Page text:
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Ikari Warriors fails the Test of Time.

I'll be honest, the Ikari Warriors guide isn't exactly finished. And the truth is, I don't really plan to finish it. The reason? I just refuse to do a walkthrough for that game. And I'm just talking about the single stage of the arcade version. Forget the NES version and it's four stages of pure torture.

Did everybody love this game in 1986? Hell yes. It was raw, it was gritty, it let you fire and walk in totally different directions. Letters appeared from dead soldiers bodies for no reason, and they powered you up. Everything exploded; your grenades, the tanks, the turrets, the gates, and probably a whole bunch of other things I can't remember. You could run out of bullets but unless you were retarded, you probably didn't. You could play at the same time as your buddy. Look, you could get inside the tank and run your enemies over. The tank even TOLD you to get inside. Commando never had that much power.

But what about today? Do you think you would see this thing on Xbox Live or the Wii's VC? Not if whoever is in charge of these decisions has a brain. Now, I know I will get shot for saying that, especially from all the SNK lovers, but let's face it. This is one extraordinary example of a game that was beyond hot in it's day, but simply hasn't stood the test of time. And to make matters worse, most of you will probably remember the NES version, not the original arcade version.

What went wrong here? Yes, the NES didn't have a rotary controller, so yes, the NES had to change the control scheme. But forcing the player to turn through every angle before facing the desired direction was like putting a "kick me" sign on the back of the player. Everything moved soooooo sloooooowly. The Atari 7800 version of the game was better, and that's not something you hear people say every day. (And the Atari 2600 version... what were they smoking when they green-lighted that project?)

So who was to blame for that monstrosity of unfortunatude? Not SNK actually. The game was done by a group called Micronics , the same group responsible for the NES conversion of Athena, and the abominable Super Pitfall. Now, not all of Micronics works were terrible. 1942 and Ghost n' Goblins stood the test of time alright, if you can overlook the cruel difficulty factor that makes beating the game without an emulator and save states virtually impossible. Thank goodness for that super quick and easy A, B, B, A continue code they added to Ikari Warriors. If not for that, I don't think most people would have made it out of the first stage before realizing that the game wasn't over and they had to do another level. I think most people turned it off at that point.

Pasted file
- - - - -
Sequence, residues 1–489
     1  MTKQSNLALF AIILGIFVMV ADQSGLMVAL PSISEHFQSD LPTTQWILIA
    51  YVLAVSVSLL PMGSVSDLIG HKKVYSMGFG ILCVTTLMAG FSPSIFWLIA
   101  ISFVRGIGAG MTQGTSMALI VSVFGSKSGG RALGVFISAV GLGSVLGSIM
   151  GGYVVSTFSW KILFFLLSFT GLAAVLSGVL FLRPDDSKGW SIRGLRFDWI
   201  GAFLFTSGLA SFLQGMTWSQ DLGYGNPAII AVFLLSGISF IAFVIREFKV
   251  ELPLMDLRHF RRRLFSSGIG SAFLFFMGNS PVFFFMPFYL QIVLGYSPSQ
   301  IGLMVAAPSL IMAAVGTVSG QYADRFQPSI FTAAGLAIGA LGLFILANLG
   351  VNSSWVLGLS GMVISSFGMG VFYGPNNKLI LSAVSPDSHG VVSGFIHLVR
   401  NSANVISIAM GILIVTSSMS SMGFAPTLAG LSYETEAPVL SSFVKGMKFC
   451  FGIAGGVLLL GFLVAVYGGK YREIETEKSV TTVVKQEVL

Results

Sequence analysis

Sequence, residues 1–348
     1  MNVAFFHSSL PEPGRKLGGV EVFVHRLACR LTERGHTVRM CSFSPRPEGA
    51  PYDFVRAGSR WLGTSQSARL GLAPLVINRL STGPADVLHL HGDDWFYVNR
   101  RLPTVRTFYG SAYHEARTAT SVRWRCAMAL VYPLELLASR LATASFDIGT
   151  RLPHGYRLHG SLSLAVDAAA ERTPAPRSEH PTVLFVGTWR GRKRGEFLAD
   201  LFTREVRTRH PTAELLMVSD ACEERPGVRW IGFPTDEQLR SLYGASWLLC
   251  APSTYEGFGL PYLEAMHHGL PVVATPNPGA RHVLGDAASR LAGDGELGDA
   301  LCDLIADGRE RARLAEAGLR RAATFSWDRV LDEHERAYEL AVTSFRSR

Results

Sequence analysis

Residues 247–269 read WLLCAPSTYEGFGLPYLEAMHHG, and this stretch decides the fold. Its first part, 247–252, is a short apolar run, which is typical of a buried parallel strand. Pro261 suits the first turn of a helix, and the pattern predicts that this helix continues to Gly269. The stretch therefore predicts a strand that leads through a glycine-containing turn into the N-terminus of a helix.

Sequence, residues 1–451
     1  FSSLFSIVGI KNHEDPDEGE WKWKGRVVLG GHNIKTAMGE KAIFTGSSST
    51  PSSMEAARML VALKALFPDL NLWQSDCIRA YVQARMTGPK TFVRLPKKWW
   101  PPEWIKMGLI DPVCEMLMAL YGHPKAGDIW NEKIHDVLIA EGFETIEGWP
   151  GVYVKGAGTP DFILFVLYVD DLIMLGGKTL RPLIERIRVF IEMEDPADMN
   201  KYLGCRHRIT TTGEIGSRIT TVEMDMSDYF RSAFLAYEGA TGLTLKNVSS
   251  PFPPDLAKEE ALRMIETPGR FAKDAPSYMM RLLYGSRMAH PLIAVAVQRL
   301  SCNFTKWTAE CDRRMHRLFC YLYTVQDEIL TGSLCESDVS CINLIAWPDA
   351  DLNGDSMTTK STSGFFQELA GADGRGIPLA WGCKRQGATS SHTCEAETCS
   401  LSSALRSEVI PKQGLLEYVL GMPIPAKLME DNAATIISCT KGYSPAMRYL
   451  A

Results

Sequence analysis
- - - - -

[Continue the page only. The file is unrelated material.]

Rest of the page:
Thank goodness Ralf and Clark have moved on to bigger and better things, like competing in nearly every King of Fighters tournament for no apparent reason, and guest staring in the latest Metal Slug games. So if anyone is really still in love with this game, and would like to write a walkthrough for it (I'm looking at you Hitogoroshi), please be my guest. I just can't put myself through that kind of pain.

Next up, the first Dragon Ball game on the NES, Dragon Ball: Shenron no Nazo, aka Dragon Power in the US.
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About Procyonone of us since 10:16 AM on 12.08.2006

My name is Scott. I've been playing video games since my hands were big enough to hold a joystick. I started with the Atari 2600, and graduated to the Atari 800 computer where I taught myself how to program in BASIC. I eventually got a NES, and later a Game Boy. The first summer I ever worked, I was a CIT at the day camp I attended. I worked all summer long to save up enough money to buy the SNES the very day it came out.

I attended college at the University of Pennsylvania. I was introduced to the internet my freshman year in 1993, and I fast became a console pirate, purchasing a copier and downloading ROMs off of IRC channels. Good times. In my senior year, I purchased the N64 as soon as the street date was broken, and skipped classes for the next three days to play Mario 64. I also bought a used PSX the same year.